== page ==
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Horace Greeley, The American Conflict: A History of the Great Rebellion in the United States of America, 1860-65: its Causes, Incidents, and Results: Intended to exhibit especially its moral and political phases with the drift and progress of American opinion respecting human slavery from 1776 to the close of the War for the Union. Volume I. 60 0 Browse Search
Harper's Encyclopedia of United States History (ed. Benson Lossing) 36 0 Browse Search
James D. Porter, Confederate Military History, a library of Confederate States Military History: Volume 7.1, Tennessee (ed. Clement Anselm Evans) 26 2 Browse Search
Benson J. Lossing, Pictorial Field Book of the Civil War. Volume 1. 26 0 Browse Search
John G. Nicolay, A Short Life of Abraham Lincoln, condensed from Nicolay and Hayes' Abraham Lincoln: A History 24 0 Browse Search
The Daily Dispatch: June 11, 1861., [Electronic resource] 23 1 Browse Search
Col. O. M. Roberts, Confederate Military History, a library of Confederate States Military History: Volume 12.1, Alabama (ed. Clement Anselm Evans) 17 1 Browse Search
Rebellion Record: a Diary of American Events, Diary from December 17, 1860 - April 30, 1864 (ed. Frank Moore) 16 0 Browse Search
George Ticknor, Life, letters and journals of George Ticknor (ed. George Hillard) 16 0 Browse Search
The Daily Dispatch: November 3, 1860., [Electronic resource] 16 0 Browse Search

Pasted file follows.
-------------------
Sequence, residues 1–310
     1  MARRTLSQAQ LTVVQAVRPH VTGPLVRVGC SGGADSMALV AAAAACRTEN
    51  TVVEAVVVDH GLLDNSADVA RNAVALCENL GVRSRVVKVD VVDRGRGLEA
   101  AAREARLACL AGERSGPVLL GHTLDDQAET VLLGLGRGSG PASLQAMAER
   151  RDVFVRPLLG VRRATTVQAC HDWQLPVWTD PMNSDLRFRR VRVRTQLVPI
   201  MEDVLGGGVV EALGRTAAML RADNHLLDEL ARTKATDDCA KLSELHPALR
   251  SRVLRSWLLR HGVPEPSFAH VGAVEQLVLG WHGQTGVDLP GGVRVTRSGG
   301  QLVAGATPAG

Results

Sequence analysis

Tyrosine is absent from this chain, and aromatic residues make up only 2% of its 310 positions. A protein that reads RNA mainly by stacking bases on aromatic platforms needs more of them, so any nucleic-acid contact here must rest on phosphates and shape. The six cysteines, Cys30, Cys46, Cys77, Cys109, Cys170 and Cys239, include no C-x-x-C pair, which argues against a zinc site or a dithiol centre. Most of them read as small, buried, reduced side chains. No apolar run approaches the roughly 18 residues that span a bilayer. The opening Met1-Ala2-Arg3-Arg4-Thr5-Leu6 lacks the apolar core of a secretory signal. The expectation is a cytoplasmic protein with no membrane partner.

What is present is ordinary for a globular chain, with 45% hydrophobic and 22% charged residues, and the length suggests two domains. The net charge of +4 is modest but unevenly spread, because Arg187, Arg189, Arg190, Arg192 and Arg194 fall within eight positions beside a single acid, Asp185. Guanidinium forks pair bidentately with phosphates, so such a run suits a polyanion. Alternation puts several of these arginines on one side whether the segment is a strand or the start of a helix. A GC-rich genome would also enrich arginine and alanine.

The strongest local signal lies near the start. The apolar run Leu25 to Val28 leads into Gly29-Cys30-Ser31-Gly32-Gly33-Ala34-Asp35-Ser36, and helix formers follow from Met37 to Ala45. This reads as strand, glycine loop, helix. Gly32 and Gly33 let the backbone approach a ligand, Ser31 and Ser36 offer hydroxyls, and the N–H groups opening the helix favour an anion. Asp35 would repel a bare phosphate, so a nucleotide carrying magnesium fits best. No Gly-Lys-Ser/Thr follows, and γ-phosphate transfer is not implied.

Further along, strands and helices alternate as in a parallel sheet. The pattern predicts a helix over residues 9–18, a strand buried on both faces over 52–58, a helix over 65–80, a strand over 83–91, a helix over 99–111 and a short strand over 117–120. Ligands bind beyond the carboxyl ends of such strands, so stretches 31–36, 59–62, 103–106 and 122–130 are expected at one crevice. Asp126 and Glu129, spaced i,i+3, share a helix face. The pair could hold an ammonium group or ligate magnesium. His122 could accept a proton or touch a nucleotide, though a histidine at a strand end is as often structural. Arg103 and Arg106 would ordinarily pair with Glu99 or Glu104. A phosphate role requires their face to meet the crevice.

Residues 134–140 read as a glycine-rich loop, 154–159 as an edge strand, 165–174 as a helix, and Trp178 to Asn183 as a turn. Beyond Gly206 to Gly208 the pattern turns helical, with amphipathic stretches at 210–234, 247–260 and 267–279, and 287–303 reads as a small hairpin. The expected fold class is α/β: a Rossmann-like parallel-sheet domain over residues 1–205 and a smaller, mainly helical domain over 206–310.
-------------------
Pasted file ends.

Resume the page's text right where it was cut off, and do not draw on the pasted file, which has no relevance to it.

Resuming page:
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Browsing named entities in The Daily Dispatch: November 3, 1860., [Electronic resource]. You can also browse the collection for John Bell or search for John Bell in all documents.

Your search returned 8 results in 7 document sections:

urned from the house-tops and windows, and the effect was very grand.--Through other thoroughfares a similar illumination and greeting awaited the procession on the route to Monument Square, where the procession dismissed, and participated in the mass meeting, which was proceeding when the procession reached the square, about eleven o'clock. The stand bore above the speaker's desk the motto, "The Union, the Constitution, and the Enforcement of the Laws," and on either side the portraits of John Bell, of Tennessee, and Edward Everett, of Massachusetts. The stand was appropriately dressed with flags, and lit with full jets of gas. Capt. Minnick's band early occupied the stand. A Republican "Mass" Meeting was held on the same night, and a company of "Wide Awakes," bearing torches, marched to the Front Street Theatre, where it took place. They were greeted with groans and hisses all along the route. The same paper adds: At the corner of Lombard and Charles streets some bricks
The Club Housewill be openall day Monday,November 5th, 1860 All who are willing to work for the election of our gallant and patriotic standard bearers, Bell and Everett, and who desire the preservation of our glorious Union, are requested to call at the Club House between the hours of 10 o'clock A. M. and 5 P. M., on Monday next, and enroll their names amongst those who have determined to devote the whole of the next day to the service of their country. The Committees of the several Wards will be in session during the whole of Monday. Let all true Union men, old and young, report themselves for duty. Union Badges and Election Tickets will be ready for distribution. At night, commencing at 7½ o'clock, there will be a Grand Rally Of all the forces, at the Club House, When addresses will be made by many of our most gallant and intrepid standard bearers, Haleigh. Daniel, Marmaduke Johnson, A. Judson Crane, Ro. Ridgway, O. P. Baldwin, and others. The Lad